The University of Central Florida’s Victim Services hosted its annual student-led production of The Vagina Monologues and for the first time, incorporated men into the show.

The play, written by Eve Ensler, celebrates “female sexuality in all its complexity and mystery” as well as brings awareness to sexual violence and abuse. In-between monologues, Ensler’s play incorporates statistics that show the prevalence of sexual and domestic abuse in our society. Director Elizabeth Fay and assistant director Jeannie Marlowe wanted to bring awareness that sexual violence also affects men, and not just women.


“We went a step further and incorporated three guys into our vagina monologues,” said Fay, and added that the show is usually only acted out by women. “We took other pieces written by Eve Ensler that had the same message [for men] and kind of mixed it in so that audiences can see that there is also a male voice within feminism.”

Fay and Marlowe interviewed to be director and assistant director in December, but had been planning their pitch to incorporate men into the show since last year’s performance. Fay said that the issues discussed within the monologues can affect anyone, no matter their gender, sexual orientation, culture, or otherwise.

“We want men and women to be aware of the social and gender issues as well as the sexual orientation issues that are in our society so that they have a better understanding and can open a dialogue about it with each other,” Fay said.

Sariel Toribio, one of the three men in the cast, said he was glad – and honored – to be able to add the male perspective to a play that so strongly advocates the feminist movement.

“I grew up with a lot of women, so I’m doing it for them of course, and it’s just, thinking about them relating to this, it’s something that I know that I want to be apart of,” Toribio said.

Toribio went on to say that though the incorporation of men in the monologues is significant, he takes no credit because the purpose of the play is to celebrate women.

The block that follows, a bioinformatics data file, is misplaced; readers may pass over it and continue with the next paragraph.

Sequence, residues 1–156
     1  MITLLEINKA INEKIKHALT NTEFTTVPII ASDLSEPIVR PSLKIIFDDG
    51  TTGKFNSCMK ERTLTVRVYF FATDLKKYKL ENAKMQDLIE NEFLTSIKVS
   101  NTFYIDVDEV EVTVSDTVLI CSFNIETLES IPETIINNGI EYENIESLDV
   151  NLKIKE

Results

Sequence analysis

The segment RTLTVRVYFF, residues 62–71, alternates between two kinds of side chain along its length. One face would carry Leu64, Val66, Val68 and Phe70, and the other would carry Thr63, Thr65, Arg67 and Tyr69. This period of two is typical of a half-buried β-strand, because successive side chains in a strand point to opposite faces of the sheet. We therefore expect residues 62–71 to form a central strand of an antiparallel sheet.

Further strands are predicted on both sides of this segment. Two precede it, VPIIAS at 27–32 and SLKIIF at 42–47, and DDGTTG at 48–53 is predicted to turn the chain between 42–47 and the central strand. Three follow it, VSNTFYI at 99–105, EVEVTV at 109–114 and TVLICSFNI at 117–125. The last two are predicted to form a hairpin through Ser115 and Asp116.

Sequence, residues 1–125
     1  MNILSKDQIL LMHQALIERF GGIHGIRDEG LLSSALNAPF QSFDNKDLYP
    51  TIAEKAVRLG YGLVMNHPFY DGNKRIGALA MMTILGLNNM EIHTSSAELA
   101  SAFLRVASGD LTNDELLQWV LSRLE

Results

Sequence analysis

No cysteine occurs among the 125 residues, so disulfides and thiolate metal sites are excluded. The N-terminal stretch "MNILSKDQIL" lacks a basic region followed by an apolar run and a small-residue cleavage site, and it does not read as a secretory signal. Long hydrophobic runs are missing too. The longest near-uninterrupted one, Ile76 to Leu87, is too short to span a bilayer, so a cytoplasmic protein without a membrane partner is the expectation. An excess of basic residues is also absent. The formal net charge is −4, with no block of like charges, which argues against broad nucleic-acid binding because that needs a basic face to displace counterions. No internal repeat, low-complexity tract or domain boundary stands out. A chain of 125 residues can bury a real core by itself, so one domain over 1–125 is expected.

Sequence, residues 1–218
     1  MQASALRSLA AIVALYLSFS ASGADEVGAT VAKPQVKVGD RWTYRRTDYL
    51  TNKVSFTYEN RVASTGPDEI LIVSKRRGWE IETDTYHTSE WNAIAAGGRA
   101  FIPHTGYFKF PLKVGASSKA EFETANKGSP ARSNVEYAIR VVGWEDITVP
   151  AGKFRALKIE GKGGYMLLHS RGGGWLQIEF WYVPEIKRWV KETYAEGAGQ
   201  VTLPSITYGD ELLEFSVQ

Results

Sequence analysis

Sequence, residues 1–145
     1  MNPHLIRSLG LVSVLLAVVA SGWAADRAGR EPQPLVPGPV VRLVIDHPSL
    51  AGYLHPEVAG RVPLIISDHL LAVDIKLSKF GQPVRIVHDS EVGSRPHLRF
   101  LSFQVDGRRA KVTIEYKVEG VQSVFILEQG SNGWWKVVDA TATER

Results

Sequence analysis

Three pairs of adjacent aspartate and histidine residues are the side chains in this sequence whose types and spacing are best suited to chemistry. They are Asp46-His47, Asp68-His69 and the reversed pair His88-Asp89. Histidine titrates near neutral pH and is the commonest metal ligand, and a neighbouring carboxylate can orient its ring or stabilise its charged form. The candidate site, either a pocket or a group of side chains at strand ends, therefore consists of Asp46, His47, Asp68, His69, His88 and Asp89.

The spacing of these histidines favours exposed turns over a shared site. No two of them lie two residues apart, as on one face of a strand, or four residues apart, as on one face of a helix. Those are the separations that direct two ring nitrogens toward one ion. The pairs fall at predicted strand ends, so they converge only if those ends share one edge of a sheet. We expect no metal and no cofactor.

“I have a better understanding about how women feel in this society. I did have a good understanding before, but now that I’ve actually gotten to sit down and just see their perspective, it’s mind-blowing and it’s … I’m glad that I was apart of it.”

To bring the monologues, and its prevalence, closer to home for students, Toribio incorporated statistics of male sexual assault in the state of Florida.

20.4 percent of men, or 1,437,000 men, in Florida have been victimized by sexual violence other than rape. More than one quarter (27.8 percent) of male victims who have experienced at least one completed rape experienced the first rape when they were 10 years of age or younger. These are numbers people don’t acknowledge, Toribio said.

Other facts included in the monologue talked about sexual violence against women. 500,000 women are raped in the U.S. each year. According to the Florida Council Against Sexual Violence, 1,266,000 women in Florida have been raped at some point in their lives. That’s 17 percent, or 1 in 6 women. 41.8 percent of women, or 3,111,000, in Florida have been victimized by sexual violence other than rape. 79.6 percent of female victims who have experienced one or more completed rape experienced the first rape before the age of 25. 42.2 percent were under 18 at the time of the first completed rape.

In the end, Fay said that these statistics are the most important piece of the show. “I think it’s just bringing that awareness to everybody of just how complicated this is,” she said.